BOWLING GREEN -- As the Bowling Green State University football team went through its spring practice schedule last month, fullback Zach Akenberger found himself in a strange position.
The Bowling Green High School graduate was on the sidelines, watching.
"I've never had an injury that forced me to miss even a practice," he Akenberger said. "I've played hockey since I was five, so it's been weird [having to watch].
"I haven't been able to run for six months now, so that has been the weirdest part of all."
The reason he didn't take part in spring drills with his teammates was a lower right leg injury that occurred in October when the Falcons played at Temple. "I was blocking the middle linebacker," he said. "The defensive end got in, and the tackle [blocked] him -- and they both rolled on my leg when I was engaged in a block. The bones just snapped right there."
Akenberger suffered a total break of his tibia and fibula, the two bones in his lower leg, and nerve damage where the bone rubbed against the skin of his leg before it was set.
A cast was put on the leg so he could come home from the game, which was played in Philadelphia. Once the swelling eased a rod was inserted into the leg during surgery.
"Within a week, I was rehabbing," Akenberger said. "There was a lot of pain, but I was pushed [to start the rehab] pretty quickly. … Once they put the rod in I was ready to go."
The early rehab focused on returning the leg's range of motion and flexibility. Recently he has undergone a daily two-hour grind of physical therapy that concentrated on regaining balance as well as strength.
"I'm working on my balance and doing a lot of strength exercises," he said. "I'm just trying to get my strength back."
While the progress has been slower than the 5-9, 197-pound redshirt senior would hope, Akenberger has made impressive steps recovering from an injury that usually sidelines people for at least a full year.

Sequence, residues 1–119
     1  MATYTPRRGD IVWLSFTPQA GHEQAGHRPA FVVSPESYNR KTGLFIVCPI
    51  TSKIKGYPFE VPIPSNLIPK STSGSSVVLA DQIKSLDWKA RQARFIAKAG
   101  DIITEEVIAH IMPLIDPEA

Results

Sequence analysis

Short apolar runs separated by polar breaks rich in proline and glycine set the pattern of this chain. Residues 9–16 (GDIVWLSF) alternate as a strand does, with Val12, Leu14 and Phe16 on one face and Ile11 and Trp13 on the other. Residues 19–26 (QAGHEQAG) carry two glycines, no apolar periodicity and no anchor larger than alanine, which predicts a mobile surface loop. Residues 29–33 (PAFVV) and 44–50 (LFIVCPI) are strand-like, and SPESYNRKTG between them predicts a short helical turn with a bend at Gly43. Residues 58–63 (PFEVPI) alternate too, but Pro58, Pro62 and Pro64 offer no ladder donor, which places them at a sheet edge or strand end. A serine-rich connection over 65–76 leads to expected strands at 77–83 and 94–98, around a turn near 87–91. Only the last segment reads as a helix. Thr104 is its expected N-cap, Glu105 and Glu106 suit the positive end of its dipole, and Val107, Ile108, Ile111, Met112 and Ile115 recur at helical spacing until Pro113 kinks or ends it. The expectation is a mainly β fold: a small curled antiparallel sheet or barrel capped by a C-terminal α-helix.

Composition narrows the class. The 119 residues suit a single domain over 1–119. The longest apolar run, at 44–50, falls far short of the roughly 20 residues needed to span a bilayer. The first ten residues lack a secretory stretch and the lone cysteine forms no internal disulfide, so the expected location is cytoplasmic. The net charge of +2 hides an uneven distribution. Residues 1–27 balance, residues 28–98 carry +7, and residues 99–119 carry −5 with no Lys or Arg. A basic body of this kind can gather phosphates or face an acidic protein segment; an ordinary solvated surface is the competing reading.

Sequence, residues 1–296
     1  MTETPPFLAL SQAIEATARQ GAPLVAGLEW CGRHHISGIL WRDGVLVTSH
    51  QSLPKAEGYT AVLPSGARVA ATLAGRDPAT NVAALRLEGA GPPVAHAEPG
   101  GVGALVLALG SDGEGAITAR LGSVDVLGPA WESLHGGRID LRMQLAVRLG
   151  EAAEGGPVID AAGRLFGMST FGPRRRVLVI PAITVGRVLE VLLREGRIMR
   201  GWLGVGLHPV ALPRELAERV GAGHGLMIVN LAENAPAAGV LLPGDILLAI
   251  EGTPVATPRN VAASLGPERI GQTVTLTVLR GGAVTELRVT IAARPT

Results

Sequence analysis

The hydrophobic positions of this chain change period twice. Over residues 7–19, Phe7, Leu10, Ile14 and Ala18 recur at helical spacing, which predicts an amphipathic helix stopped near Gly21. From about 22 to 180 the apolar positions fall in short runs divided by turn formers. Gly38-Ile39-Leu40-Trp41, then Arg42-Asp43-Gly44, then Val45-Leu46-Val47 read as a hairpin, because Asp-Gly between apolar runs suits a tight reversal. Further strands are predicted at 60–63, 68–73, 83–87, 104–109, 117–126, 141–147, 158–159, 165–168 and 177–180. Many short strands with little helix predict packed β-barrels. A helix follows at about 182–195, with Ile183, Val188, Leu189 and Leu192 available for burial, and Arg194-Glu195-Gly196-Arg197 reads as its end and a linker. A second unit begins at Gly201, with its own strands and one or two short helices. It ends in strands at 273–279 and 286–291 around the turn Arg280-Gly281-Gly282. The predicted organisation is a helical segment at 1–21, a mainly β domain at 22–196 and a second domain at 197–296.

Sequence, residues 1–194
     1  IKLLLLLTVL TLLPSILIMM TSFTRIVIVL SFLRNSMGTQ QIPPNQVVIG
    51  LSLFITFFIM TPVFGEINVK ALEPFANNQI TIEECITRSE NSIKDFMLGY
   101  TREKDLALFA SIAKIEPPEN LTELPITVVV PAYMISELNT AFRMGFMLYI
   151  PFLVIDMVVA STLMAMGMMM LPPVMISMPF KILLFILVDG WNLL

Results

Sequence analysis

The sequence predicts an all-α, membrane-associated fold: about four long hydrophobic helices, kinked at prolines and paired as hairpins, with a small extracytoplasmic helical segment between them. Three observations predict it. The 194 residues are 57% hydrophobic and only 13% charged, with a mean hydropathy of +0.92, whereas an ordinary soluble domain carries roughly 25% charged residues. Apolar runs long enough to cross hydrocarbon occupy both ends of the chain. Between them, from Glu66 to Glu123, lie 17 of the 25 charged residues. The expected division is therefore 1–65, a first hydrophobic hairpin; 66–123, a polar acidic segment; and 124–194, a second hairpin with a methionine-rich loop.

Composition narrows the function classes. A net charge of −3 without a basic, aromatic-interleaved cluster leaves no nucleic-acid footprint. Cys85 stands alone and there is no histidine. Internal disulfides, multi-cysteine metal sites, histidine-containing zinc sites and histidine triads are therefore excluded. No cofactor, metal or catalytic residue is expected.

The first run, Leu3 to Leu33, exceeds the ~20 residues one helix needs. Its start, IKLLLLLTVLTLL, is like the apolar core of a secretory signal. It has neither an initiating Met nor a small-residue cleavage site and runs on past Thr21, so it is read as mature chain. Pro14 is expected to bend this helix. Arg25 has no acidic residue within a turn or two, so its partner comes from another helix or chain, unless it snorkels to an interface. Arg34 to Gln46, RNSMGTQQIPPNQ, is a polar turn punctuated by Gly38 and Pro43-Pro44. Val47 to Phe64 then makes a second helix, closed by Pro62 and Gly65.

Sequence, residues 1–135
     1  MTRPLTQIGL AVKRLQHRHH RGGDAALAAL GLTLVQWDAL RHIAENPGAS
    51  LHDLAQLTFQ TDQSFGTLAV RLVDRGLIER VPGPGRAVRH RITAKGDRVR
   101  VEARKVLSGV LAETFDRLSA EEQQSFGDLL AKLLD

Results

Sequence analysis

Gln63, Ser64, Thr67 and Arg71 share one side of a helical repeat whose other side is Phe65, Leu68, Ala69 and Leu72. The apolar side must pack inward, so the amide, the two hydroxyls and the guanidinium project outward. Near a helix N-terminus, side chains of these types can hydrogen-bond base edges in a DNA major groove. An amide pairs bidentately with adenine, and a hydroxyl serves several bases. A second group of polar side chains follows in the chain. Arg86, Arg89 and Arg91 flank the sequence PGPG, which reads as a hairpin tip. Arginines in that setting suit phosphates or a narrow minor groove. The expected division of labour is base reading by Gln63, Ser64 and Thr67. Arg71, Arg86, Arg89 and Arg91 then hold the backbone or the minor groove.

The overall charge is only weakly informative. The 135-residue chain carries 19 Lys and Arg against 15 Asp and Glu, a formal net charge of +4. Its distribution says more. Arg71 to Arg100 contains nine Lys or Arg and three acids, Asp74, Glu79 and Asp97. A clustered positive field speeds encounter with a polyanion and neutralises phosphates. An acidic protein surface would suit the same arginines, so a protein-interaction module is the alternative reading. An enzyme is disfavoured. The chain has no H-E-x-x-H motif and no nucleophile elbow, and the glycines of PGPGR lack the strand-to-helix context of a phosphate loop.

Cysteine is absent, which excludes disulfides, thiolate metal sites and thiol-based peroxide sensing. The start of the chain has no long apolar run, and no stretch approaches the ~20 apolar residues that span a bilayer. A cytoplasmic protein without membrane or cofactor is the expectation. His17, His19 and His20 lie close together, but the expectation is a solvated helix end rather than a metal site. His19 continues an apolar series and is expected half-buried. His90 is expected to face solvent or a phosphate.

"I feel in the past couple of weeks I've made progress," he said. "The bone is starting to grow, and the limp is starting to go away. I feel as if I'm making progress right now.
"The next step is to get to walking perfectly normally, since I still have the limp. Then I want to get to jogging as quickly as I can.
"The long-term goal is to play my senior year. Most people say it takes a year to return, which would put me in the middle of my senior year. My goal is to make it back; that has been my goal from Day 1."
The injury also has opened his eyes to the plight of others who have trouble walking.
"It's so frustrating, because if you want to go somewhere fast you have to drive or get a ride," Akenberger said. "Even going to class [is hard]. I respect people who use a wheelchair; I don't know how they do it."
Will Akenberger be able to return to the football field before the clock winds down on his senior season?
"I'm always a confident person," he said. "Once I set my mind to something, I pride myself on getting it done. I'll get back out there [on the football field]."
Contact John Wagner at: firstname.lastname@example.org or 419-724-6481.